Pancreatic cells identified which could impact future diabetes treatment

Jack Woodfield
Tue, 08 Jan 2019
Pancreatic cells identified which could impact future diabetes treatment
Researchers say they may have found a way to use pancreatic cells to initiate a "totally new form of treatment for diabetes".

Their findings lie within the different functions of cells and how they work within the body.

The pancreas has three types of cells, alpha, beta and delta which all have different functions to control blood glucose.

The alpha cells produce glucagon which increases blood glucose levels, beta cells produce insulin which decreases blood glucose levels, and the delta cells make somatostatin, which controls the regulation of both the alpha and beta cells. Glucagon, insulin and somatostatin are all hormones.

Type 1 diabetes develops when the beta cells, which produce insulin, get destroyed by the body’s immune system. In type 2 diabetes, insulin doesn't work as efficiently as it should. Some people that have lived with type 2 diabetes for many years may also have decreased ability to produce insulin as well.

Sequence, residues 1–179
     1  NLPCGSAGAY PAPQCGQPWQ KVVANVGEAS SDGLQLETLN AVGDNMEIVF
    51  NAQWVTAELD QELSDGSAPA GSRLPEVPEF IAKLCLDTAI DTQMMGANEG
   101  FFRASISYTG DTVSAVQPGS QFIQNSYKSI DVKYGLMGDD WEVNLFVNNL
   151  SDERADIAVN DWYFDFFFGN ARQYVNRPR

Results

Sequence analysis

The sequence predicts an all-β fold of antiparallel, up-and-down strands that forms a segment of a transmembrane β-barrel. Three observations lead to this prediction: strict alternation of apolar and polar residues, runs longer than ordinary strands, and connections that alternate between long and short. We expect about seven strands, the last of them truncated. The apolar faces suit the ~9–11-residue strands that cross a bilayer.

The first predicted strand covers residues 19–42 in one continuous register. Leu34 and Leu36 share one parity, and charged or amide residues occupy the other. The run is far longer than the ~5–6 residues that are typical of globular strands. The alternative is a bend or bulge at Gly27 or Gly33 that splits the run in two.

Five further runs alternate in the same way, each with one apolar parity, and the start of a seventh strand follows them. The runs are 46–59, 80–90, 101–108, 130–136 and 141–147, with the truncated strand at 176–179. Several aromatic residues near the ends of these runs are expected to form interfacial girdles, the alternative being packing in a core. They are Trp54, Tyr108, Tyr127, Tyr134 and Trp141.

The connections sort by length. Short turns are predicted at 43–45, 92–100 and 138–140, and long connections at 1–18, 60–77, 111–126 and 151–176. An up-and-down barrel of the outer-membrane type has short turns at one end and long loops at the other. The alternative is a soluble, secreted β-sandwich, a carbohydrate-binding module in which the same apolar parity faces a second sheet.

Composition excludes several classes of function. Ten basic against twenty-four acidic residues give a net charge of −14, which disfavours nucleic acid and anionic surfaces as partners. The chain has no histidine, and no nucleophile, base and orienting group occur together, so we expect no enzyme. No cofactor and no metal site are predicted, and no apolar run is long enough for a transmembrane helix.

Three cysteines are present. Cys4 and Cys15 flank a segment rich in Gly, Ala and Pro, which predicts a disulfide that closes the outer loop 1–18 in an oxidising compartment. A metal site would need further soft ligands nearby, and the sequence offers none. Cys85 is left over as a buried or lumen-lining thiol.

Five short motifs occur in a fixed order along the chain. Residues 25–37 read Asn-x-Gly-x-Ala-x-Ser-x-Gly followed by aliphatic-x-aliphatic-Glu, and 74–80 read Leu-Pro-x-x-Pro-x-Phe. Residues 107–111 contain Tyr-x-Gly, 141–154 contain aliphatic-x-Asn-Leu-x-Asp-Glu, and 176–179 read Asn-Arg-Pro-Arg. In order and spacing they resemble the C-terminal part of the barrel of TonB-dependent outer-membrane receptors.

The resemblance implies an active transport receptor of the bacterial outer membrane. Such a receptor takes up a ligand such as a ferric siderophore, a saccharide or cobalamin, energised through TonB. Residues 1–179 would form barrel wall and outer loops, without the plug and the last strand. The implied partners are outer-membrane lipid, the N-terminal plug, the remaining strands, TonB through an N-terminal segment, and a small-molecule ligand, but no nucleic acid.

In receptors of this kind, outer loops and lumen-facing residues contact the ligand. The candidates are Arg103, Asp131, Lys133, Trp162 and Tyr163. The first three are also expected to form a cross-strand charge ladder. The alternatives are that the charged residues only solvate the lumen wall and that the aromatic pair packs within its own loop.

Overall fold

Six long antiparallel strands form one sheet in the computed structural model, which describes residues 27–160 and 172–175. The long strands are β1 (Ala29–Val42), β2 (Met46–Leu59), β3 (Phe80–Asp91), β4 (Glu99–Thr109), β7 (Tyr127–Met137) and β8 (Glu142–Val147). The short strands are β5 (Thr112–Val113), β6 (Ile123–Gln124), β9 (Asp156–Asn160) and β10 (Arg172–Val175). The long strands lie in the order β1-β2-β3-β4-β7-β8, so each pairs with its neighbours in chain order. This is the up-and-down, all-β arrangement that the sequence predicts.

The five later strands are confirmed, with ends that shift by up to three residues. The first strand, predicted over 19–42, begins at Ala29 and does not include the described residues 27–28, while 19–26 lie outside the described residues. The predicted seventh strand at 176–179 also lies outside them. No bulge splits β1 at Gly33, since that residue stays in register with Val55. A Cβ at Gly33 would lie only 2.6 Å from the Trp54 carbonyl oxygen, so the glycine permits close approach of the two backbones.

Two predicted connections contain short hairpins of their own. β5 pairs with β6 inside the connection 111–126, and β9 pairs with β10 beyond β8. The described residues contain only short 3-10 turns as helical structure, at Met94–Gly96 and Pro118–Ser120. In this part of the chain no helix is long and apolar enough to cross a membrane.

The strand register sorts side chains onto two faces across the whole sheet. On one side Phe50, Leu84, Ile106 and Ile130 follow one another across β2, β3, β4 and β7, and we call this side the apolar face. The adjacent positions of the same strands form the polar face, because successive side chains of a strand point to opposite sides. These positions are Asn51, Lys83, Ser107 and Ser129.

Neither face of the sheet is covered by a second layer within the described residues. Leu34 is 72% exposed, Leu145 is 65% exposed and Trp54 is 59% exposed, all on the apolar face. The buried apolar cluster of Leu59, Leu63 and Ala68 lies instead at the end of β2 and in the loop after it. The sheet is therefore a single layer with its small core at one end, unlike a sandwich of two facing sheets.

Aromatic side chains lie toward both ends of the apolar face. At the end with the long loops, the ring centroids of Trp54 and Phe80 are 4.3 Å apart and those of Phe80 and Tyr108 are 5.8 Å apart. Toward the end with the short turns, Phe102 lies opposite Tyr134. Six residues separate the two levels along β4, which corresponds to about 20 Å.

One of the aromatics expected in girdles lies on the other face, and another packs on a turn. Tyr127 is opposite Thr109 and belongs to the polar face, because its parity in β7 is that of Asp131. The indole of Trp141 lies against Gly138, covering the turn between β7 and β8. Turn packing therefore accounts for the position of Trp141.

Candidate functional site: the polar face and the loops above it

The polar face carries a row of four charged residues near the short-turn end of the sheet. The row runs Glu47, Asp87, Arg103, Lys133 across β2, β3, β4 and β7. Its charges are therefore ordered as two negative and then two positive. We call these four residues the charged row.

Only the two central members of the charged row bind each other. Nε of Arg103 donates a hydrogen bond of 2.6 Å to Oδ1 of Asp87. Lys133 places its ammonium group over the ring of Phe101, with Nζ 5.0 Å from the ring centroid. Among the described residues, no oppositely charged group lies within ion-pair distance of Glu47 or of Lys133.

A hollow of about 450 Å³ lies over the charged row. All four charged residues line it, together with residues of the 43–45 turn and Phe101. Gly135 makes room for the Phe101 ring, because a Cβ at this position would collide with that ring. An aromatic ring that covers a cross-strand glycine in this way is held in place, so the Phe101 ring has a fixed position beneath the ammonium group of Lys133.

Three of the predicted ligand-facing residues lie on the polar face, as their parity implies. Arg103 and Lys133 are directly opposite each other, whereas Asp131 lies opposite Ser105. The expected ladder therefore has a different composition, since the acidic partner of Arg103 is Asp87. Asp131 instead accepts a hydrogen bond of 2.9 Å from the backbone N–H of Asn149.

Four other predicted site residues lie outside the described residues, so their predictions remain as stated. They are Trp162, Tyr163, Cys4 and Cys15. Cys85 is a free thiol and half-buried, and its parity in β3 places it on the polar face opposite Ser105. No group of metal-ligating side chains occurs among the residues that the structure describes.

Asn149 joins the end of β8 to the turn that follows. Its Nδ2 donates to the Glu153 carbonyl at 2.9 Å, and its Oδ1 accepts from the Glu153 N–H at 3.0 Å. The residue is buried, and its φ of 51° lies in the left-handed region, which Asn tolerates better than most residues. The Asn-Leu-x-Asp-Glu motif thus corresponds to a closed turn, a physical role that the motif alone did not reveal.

Now, a team from the University of Bergen (UiB) have discovered that glucagon-producing alpha cells in the pancreas can change their identity and start producing insulin instead.

Researcher Luiza Ghila from the UiB’s Raeder Research Lab, Department of Clinical Science, said: "We are possibly facing the start of a totally new form of treatment for diabetes, where the body can produce its own insulin, with some start-up help."

Only about 2% of the neighbouring cells in the pancreas could change identity, but during the study, researchers were able to increase that figure to 5%.

They did this by introducing a drug that encourages surrounding cells to send out a signal which kick-starts the changing process.

"If we gain more knowledge about the mechanisms behind this cell flexibility, then we could possibly be able to control the process and change more cells' identities so that more insulin can be produced," added Ghila.

"The cells' ability to change identity and function may be a decisive discovery in treating other diseases caused by cell death, such as Alzheimer's disease and cellular damage due to heart attacks."

The findings have been published in the journal Nature Cell Biology.
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